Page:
Sure. I do not recommend sprinting either given the troubles you're having. Stick to low impact work for now. Moderate intensity cardio or sprint intervals if you wish on an exercise bike. If you belong to a gym that has one, you could do it there rather then buying one if it's easier for you.


#12

It sounds like you may be too heavy for jogging/running. I know that when I was at 250, running greatly hurt my ankle, so much so that I had to visit a PT, after only a couple of weeks of trying. She basically said my lower legs couldn't take that much pounding. Now that I am lighter, I am finding that I can run pain free again.

Until you get down to a reasonable weight, only do lower impact cardio, such as biking and swimming.

Jeff


#13

Would sled-dragging be appropriate here?

-FC


#14

Jogging REALLY isn't the way to go to change body composition for a guy your size. You say you used to lift big and all, so you've probably got a good bit of lean mass in there. Those people who told you your lean mass will help you keep fat off were right - though you have to clean up your diet too. Instead of "eat big" they should have said "eat big and clean." What does your diet look like right now?

You don't need to do long-duration "cardio" to improve heart health and lose fat. It's actually much more efficient and safe on your joints to do higher-volume resistance training. Sled work, like the other guy mentioned, would be great. Starting with 3 or 4 50 foot pulls would be good, eventually moving up in weight and distance.

High rep squats, circuit training (not nansy pansy crap, but doing a circuit like bent over rows for 6 followed by squats for 6-8 followed by bench for 6-8 etc. for the major motions), simple high-volume training in the 10-15 rep range on a basic compound movement, complexes, all would work well. This is all assuming your heart is healthy now, of course - if not, you'll want to take it lighter and build up volume and intensity.

I agree with orthotics if your insurace covers them. Poor foot mechanics will hold you back more than many realize. Just got a pair myself, and I feel 10x better under a heavy squat.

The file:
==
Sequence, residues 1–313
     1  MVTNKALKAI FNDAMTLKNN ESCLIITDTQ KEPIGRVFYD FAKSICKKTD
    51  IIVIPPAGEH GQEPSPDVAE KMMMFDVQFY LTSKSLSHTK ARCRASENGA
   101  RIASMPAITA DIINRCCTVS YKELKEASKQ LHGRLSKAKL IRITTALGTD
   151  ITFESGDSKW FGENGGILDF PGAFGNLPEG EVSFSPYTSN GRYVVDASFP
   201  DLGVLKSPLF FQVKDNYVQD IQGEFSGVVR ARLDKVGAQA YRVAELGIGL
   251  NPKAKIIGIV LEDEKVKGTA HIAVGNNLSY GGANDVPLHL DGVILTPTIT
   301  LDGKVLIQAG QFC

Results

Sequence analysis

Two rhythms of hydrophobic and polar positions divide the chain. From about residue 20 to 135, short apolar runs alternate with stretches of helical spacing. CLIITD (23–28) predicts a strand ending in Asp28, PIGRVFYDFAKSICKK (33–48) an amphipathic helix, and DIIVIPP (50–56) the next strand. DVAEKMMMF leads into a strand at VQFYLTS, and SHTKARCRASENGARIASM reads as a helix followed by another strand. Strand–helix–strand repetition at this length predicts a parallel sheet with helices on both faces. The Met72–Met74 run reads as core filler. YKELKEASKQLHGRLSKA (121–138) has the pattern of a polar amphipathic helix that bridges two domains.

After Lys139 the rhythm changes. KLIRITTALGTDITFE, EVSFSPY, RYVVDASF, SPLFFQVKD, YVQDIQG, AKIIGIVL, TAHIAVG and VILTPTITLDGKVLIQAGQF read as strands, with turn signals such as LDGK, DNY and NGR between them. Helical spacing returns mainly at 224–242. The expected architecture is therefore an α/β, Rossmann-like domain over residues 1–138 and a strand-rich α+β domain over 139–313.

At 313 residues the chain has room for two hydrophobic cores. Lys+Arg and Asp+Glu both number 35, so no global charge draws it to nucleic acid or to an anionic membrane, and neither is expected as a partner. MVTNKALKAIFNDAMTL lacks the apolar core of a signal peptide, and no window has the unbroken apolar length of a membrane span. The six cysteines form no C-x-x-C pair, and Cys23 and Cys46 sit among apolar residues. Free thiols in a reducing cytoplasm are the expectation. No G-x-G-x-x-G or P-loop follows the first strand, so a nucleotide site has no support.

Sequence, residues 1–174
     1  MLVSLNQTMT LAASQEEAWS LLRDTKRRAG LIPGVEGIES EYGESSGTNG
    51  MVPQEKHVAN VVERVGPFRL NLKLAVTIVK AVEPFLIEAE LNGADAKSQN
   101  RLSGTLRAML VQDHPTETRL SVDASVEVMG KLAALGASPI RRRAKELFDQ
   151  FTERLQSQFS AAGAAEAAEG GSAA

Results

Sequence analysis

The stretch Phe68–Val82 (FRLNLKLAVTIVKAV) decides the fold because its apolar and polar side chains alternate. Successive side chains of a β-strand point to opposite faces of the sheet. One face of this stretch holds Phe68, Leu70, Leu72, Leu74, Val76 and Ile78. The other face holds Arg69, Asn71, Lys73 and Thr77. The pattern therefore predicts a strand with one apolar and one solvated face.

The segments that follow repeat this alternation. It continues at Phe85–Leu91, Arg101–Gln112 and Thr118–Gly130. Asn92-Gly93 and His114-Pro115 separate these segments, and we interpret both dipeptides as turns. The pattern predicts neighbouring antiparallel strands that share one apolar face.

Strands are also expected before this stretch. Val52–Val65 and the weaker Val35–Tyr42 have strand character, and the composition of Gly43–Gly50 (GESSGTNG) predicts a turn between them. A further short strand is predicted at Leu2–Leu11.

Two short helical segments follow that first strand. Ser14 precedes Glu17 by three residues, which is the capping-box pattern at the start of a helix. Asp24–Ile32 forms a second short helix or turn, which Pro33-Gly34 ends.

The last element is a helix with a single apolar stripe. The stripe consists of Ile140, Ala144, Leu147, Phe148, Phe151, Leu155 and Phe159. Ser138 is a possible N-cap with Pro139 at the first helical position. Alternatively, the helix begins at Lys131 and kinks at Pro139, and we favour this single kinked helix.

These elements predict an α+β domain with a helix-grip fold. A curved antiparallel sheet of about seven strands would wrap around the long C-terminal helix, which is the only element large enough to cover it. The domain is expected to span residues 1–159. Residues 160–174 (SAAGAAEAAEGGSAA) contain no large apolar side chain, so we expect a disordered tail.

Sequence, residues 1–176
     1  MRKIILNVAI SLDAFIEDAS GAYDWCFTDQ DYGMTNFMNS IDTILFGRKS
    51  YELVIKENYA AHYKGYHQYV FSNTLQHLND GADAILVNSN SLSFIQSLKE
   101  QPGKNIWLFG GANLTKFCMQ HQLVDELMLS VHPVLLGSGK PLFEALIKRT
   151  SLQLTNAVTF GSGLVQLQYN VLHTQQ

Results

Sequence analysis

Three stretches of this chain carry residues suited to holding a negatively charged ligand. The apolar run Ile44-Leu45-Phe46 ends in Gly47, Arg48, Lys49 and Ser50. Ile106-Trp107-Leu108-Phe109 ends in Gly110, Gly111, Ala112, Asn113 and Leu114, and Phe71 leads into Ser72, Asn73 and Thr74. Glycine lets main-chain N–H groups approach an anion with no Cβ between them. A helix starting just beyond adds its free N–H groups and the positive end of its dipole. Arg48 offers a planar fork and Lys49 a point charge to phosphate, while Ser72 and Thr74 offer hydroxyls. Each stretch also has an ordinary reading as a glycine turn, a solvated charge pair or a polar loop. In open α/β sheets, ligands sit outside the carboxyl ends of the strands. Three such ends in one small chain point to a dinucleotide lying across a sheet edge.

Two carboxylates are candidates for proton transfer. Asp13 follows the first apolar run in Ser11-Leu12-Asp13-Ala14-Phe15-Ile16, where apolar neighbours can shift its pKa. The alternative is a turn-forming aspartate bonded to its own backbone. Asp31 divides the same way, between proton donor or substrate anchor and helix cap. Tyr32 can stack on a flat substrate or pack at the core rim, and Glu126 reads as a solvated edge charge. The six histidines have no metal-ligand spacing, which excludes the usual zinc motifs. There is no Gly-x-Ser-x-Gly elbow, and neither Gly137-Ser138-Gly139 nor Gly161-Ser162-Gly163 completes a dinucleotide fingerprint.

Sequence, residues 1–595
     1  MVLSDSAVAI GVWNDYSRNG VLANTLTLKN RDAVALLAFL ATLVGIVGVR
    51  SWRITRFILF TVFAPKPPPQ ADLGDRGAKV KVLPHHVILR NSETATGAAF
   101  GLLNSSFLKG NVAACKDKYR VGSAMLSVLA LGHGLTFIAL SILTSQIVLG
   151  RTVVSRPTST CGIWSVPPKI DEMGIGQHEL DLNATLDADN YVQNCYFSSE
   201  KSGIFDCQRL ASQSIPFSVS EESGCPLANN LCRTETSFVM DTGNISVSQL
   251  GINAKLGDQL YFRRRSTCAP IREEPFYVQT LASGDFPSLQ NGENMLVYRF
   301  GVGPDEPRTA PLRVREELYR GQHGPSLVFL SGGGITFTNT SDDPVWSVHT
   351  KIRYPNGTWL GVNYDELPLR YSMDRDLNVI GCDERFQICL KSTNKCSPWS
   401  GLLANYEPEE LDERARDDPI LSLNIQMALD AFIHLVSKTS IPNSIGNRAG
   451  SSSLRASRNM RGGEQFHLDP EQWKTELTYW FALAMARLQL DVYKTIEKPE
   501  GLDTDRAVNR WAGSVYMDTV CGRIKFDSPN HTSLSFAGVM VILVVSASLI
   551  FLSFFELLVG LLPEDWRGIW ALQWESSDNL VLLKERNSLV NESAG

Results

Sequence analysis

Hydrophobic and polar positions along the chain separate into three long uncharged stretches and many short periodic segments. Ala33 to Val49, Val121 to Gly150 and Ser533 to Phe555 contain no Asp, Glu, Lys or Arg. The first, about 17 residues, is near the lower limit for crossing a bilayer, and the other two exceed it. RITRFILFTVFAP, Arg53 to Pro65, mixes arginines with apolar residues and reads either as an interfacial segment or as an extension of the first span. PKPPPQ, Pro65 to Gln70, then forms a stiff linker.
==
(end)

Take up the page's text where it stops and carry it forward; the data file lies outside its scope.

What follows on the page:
-Dan


#15

I would have to say my diet although I feel it is more in order than any other time in my life, could most likely use some tweaking. I am going to cut completely all carbs after 5pm and only have my carb intake in the AM and after workout. My fat intake is moderately low, without the Fish Oil and Flax Oil I take, maybe I should remove one or both of them.

I do have a sled, my daughters boyfriend welded together for me, I am just having a dificult time working out the straps part of it, currently just using a large rope and chain.

I am going to try just walking, at a normal walking pace today and see what happens, I will refrain from any jogging or quick walking motion and only use my normal pace. I will post how the shins feel afterwards. If I still have the pains, I am going to contact the Dr. and find out about those shoes someone mentioned. If today I have no pains from walking I might run up and down the bleachers to get the heart pumping.

Anyway, thanks all for the advice.

Moon


#16

These seem like normal aches and pains for a runner just starting out. In my experience, as long as you are sure you are wearing the right shoes for your foot type, you just have to tough it out for a while. I used to run quite a bit and completed the NYC Marathon in 2001. I'm 5'10", 190lbs and NOT Kenyan. I've had pain in my shins, knees, hip, lower back, you name it. You can usually decrease the intensity or distance of your runs to ease the pain. Guys like you and me are not built to be efficient runners, things are going to hurt from time to time.

Also, the track, while it is a soft surface to run on, wreaks havoc on your shins and ankles because of the constant turning in one direction. You may want to find a dirt trail for a better surface. Asphalt, believe it or not, is a pretty good surface to run on. Just alter the side of the street you run on because roads are crowned and get lower at the curbside for drainage. Never run on concrete.

Good luck and don't give up so soon!


#17

At 6'1 286# In my opinion you should fix your diet and do a hell of a lot of walking.

Keep lifting heavy to maintain your muscle and walk, walk, walk to burn the fat. Jogging and running at your weight might just fuck up your legs.

Good luck.


#18

Ok, so last night I walked the track for a mile then ran the bleachers. I experienced a slight tightness in the shins, nothing really major. I did notice that if I really concentrated on putting my heel down first and following through and pushing off from the toes, that the pain wasn't as intense, maybe something to that or maybe not. Maybe I am just getting the legs used to the activity. Will keep it going. Anyway, the bleachers were a bitch, just as I remember from back in high school football practice, I ran up and walked back down 12 times. Going to work my way up to walking 3 miles and doing 36 - 40 bleacher runs, 3 times a week. So, basically I am just going to deal with it as long as it doesn't get to bad to deal with.